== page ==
Kramer, Elkins & Watt

CCAP Changes Ahead

CCAP Changes Ahead

Good news for people with dismissed criminal cases, evictions showing up on CCAP

What is CCAP? 

You’ve probably used the Wisconsin Circuit Court Access (“WCCA”) website, which displays information on cases in state (circuit) courts in all of Wisconsin’s 72 counties, called the Consolidated Case Automation Program (“CCAP” – pronounced “see-cap”).  You’ve also probably heard someone complain, or complained yourself, that a case that was filed a long time ago and which was later dismissed, either because you won or the matter was resolved, still shows up on CCAP, tainting your reputation.  Fear not, the WCCA Oversight Committee (made up of judge, county clerks of court, law enforcement, attorneys, legislators, and a few others) is coming to the rescue and has recommended that certain criminal and small claims cases be removed from CCAP.

More specifically, criminal misdemeanor and felony cases that were either dismissed or in which the defendant was acquitted following a trial will be removed from public view on CCAP two years after the date of the dismissal or acquittal.  This applies only to cases in which the entire case – or all charges brought under one case number – were disposed of by dismissal or acquittal.  Plea deals resulting in a conviction will still show up.  If a criminal defendant is convicted of one charge in a case but other charges in the case were dismissed, as is common in plea deals, the entire case, including the dismissed charges will still appear.  However, dismissals that result from deferred prosecution agreements (often called “first offender’s program”) will be removed two years after the dismissal.

 

Small Claims

Likewise, small claims cases that have been dismissed will be removed two years after the dismissal.  This includes evictions that were dismissed because they settled or the defendants won at trial, injunction petitions relating to abuse and harassment (also called restraining orders) that were dismissed or denied, and claims for money (that were filed in small claims because they were under a certain dollar amount, which varies by type of claim and the date the case was filed).

 

Have the cases permanently disappeared? 

Now, this doesn’t mean that those cases have been sealed, destroyed, or otherwise no longer exist.  A person with a case number could still go to the courthouse of the county in which the case was filed and ask to see the court’s public file on the case.  Most cases are, by law, a matter of public record, with a few exceptions like juvenile matters, and that is not changing.  What is changing is that the ease with which anyone with an internet connection can view these certain types of dismissed old cases, or pull them up in a search that takes three seconds, is being taken away.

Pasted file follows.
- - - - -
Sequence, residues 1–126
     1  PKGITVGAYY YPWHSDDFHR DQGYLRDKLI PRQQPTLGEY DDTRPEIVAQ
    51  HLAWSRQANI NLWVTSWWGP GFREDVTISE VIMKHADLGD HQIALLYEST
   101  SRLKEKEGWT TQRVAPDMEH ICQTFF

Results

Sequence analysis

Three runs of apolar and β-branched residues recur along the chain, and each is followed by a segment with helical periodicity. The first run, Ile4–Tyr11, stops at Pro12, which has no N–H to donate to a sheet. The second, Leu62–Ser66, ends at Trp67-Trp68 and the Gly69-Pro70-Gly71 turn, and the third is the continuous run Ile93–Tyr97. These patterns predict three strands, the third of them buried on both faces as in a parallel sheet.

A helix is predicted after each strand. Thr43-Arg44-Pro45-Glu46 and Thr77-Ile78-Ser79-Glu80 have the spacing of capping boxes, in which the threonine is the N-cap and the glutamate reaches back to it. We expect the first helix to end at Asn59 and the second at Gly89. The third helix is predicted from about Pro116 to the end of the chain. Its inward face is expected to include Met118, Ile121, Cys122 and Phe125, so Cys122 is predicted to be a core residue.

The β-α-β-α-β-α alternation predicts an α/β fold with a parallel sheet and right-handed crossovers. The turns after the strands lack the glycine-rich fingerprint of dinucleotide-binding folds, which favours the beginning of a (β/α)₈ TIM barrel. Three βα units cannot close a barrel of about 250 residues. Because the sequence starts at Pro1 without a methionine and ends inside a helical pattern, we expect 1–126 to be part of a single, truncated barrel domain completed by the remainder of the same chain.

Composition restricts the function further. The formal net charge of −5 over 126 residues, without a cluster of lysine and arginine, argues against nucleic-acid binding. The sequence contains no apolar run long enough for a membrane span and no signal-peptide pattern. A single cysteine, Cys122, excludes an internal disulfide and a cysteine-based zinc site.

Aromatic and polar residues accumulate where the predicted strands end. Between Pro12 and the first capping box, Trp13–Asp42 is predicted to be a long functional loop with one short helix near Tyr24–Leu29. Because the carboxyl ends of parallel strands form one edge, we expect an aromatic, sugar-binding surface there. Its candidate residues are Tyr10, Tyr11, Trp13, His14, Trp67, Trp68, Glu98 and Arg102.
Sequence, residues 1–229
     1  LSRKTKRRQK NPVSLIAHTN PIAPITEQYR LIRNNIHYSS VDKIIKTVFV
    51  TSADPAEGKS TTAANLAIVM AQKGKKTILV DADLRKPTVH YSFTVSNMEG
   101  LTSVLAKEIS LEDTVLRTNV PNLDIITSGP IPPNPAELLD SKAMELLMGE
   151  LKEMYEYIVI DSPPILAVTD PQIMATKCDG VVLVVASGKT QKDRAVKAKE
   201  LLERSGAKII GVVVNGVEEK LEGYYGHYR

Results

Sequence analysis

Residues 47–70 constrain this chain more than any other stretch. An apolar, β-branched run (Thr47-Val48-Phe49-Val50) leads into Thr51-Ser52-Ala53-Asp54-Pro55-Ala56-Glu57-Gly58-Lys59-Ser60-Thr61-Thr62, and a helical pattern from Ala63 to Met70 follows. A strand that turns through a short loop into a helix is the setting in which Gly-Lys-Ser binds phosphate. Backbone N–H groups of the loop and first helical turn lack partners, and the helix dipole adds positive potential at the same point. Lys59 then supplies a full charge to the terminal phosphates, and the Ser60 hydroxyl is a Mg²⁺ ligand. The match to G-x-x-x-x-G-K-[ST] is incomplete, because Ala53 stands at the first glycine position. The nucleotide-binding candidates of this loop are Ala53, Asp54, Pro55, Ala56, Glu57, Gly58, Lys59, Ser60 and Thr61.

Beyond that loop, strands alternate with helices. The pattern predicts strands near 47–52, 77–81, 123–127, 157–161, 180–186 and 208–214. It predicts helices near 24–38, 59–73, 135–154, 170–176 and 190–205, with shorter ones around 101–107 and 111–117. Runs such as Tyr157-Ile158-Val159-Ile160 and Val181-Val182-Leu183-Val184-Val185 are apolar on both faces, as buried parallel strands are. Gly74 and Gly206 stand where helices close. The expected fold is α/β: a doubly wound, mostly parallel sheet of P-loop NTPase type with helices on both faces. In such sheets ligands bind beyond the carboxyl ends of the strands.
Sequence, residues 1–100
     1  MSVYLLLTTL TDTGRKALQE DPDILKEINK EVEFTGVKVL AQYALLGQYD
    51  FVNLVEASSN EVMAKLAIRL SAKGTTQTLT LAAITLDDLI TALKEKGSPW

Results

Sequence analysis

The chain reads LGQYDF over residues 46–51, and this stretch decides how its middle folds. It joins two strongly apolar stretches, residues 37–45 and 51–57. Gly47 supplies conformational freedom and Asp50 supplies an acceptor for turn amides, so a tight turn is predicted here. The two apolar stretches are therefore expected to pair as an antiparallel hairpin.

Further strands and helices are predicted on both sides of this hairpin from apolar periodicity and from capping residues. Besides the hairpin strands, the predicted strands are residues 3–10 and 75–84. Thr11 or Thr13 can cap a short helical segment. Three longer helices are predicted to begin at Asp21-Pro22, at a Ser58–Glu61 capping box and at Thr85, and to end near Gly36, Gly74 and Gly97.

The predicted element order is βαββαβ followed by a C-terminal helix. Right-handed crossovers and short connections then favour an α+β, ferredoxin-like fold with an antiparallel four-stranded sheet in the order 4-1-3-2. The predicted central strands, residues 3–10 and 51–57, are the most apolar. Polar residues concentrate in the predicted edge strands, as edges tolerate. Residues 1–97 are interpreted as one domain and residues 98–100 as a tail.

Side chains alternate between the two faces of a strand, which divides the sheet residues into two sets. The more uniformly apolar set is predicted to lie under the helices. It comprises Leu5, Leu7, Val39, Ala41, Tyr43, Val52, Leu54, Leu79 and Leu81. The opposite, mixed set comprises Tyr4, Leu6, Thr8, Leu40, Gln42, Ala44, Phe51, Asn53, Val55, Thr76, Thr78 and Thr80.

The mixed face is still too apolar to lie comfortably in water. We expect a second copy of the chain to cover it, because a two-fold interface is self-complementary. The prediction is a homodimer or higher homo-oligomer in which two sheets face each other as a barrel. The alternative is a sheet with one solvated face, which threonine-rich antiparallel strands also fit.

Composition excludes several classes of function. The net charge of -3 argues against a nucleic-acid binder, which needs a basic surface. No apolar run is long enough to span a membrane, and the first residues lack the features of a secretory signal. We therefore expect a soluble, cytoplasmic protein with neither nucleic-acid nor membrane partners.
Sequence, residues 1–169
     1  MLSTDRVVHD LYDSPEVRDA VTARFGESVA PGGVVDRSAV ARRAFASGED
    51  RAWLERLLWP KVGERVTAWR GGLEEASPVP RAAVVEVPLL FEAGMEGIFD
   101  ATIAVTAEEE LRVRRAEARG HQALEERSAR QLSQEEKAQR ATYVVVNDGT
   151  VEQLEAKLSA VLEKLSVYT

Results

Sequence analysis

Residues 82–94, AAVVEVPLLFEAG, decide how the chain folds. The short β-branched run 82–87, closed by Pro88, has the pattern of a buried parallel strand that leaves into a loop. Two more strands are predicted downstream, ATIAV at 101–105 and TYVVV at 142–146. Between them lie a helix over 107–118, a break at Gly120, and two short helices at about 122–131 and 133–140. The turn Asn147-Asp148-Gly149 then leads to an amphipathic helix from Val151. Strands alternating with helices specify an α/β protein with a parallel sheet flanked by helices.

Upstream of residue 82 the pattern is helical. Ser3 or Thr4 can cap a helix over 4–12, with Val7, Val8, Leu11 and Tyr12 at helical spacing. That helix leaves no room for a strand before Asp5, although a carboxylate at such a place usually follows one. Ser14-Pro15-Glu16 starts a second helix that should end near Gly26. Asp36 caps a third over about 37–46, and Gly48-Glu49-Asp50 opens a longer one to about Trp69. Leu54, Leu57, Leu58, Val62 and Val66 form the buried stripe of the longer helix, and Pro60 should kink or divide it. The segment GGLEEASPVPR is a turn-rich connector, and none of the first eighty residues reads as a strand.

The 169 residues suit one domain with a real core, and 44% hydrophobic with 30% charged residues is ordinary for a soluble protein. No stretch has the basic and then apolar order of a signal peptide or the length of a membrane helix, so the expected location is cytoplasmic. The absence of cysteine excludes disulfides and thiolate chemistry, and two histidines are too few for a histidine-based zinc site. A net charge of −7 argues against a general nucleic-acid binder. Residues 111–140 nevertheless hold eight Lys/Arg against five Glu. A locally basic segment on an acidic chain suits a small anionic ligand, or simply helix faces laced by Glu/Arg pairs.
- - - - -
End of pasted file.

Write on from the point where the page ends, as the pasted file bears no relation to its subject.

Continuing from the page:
We will also see a change in what information is displayed when a user clicks to open a criminal case on CCAP.  It is not uncommon in criminal cases for the original charges to be modified.  Sometimes these modifications are to a lesser charge.  Currently, only the original charges display on the first page which provides a summary of the case.  A user must click on “view history and details of charges/sentences” to see whether the charge was modified to a different charge, read in but dismissed, or changed in some other way before final disposition.  Under the recommended changes to be implemented, charge modifications will be displayed on the summary page and will be more clearly displayed, in an effort to reduce confusion about what charge was actually taken to disposition (conviction, acquittal, plea, or dismissal).

All of these changes will result, the WCCA Oversight Committee hopes, in a reduction in discrimination against and stigmatization of people who were never convicted or evicted, or against whom a judgment was not entered in a small claims case.  The modest changes are seen as striking a balance between the public’s right to know information and a person’s right to privacy and discrimination.  At KEW, we’ve heard many stories about businesses who use CCAP as their “background check” tool. We cautioned against it in an article originally written in 2016:  Think Twice Before Using CCAP can be found on KEWTips. 

 

When will we see these changes?

As early as April of this year, cases falling in the affected categories that are more than two years old will start being removed from view through CCAP.

 

For questions about CCAP, background checks or other issues plaguing your business contact Attorneys Jessica M. Kramer, Nicholas C. Watt or Leslie Elkins.

Information regarding CCAP can be found on the FAQ Page, available by clicking here. https://wcca.wicourts.gov/faq.html